PLAINS TWP. — Horns, pipes and drums welcomed Matthew Nogin, 12, into adulthood Sunday.
Nogin, of Kingston, celebrated his bar mitzvah at the Woodlands Inn & Resort. The Jewish ceremony marks a boy’s entry into manhood, and the Wyoming Valley West Spartan Marching Band was there to parade him across the threshold.
When Jody Nogin, Matthew’s mother, was planning her son’s music-themed bar mitzvah, she approached Wyoming Valley West High School Band Director Andy Kolojejchick about having Matthew’s future band mates play a few songs during the party.
Nogin is a committed bass clarinet player who aspires to join the Valley West band when he enters ninth grade next year.
About 50 musicians volunteered wholeheartedly, Jody Nogin said.
Kolojejchick said he was pleased to find so many students willing to suit up on a Sunday afternoon to play.
“The biggest thing for us is that Matthew found the band so excited to play,” he said.
Kolojejchick assembled the band students, decked out in full uniform, in an unoccupied Evolution Night Club on the other side of the hotel. The musicians fiddled with their instruments, warming up for the crowd that waited in the ballroom.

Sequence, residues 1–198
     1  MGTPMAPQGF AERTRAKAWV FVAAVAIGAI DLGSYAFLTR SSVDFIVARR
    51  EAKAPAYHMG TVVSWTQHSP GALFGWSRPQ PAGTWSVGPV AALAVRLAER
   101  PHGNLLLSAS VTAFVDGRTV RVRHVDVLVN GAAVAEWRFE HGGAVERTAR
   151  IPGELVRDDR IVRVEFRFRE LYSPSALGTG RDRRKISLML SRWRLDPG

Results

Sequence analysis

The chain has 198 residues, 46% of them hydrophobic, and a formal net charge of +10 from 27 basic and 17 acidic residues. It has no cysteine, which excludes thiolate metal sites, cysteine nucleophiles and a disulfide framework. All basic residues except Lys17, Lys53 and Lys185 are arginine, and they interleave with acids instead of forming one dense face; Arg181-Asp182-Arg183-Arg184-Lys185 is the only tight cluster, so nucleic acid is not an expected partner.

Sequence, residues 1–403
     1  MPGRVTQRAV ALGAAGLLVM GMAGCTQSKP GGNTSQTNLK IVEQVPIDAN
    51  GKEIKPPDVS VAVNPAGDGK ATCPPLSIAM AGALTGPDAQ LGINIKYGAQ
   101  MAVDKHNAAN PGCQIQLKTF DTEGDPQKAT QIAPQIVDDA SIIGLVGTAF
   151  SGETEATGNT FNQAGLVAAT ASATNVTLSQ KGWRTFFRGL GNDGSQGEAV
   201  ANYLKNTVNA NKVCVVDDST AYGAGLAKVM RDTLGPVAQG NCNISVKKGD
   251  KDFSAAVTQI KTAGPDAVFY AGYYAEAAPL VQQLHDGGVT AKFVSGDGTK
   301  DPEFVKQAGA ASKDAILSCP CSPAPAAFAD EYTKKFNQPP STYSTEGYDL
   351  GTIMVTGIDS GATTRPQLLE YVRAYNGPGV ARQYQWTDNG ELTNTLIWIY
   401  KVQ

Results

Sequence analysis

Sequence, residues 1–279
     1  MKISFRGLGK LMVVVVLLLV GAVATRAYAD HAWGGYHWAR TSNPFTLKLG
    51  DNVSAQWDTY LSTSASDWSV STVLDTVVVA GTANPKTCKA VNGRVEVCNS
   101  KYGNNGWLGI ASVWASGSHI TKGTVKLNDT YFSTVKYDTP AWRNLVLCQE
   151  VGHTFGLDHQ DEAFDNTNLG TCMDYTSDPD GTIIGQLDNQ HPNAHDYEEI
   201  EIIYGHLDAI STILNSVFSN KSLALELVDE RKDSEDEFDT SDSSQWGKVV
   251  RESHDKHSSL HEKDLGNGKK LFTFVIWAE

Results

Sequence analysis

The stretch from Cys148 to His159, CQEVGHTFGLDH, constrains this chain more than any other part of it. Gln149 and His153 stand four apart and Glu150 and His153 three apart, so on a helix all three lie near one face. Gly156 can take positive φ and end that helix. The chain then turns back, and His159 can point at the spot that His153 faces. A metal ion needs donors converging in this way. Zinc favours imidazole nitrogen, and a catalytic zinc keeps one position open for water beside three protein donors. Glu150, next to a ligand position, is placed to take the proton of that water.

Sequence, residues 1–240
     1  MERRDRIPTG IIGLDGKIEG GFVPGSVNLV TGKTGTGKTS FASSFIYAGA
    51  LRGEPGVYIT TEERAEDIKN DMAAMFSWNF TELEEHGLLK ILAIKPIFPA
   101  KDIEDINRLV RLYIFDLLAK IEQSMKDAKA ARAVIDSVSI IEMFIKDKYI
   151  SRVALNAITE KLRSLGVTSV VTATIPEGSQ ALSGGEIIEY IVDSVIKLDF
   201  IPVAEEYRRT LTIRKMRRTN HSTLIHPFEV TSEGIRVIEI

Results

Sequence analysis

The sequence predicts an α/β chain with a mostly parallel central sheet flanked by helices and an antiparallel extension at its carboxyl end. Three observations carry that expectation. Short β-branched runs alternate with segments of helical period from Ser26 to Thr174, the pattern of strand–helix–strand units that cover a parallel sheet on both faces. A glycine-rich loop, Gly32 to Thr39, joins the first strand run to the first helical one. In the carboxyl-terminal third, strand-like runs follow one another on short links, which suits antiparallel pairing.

Kolojejchick, or Mr. K, said there was an entertainment aspect to the band’s short performance. The band, which plays for football games and school events, has a repertoire of songs it knows can get the crowd going.
But he hoped to inspire other students to get involved with music. Getting the band’s musicians up close to younger children could spark curiosity they normally wouldn’t feel just listening to the band play from an orchestra pit or in a stadium’s band section, Kolojejchick said.
Drum major Ross Lesoine, a senior, said performances such as Sunday’s are a way to give back to the community.
“I like to think of this as a public outreach,” Lesoine said. He stood next to tuba player and fellow senior Chris Bloom. The two four-year veterans agreed that in all of their performances, they had never known the musicians to play for a bar mitzvah.
Lesoine took command of the room as he conducted the players crowding around the dance floor. During a chorus break in the band’s second number, Lesoine spun around to face the rest of the room and roused the partiers to sing and clap along.
Nogin, who had led the trumpeting troupe into the ballroom, stood beside Lesoine as an honorary drum major.
Nogin said he has played the bass clarinet for about 2 1/2 years. He plays for the Wyoming Valley West Middle School Honors Orchestra and the Luzerne County Honors Band.
He practices for about an hour and a half each day, he said, and hopes playing the bass clarinet will stay with him for the rest of his life.
“I just liked the way it sounds,” Nogin said. “I really can’t put it into words.”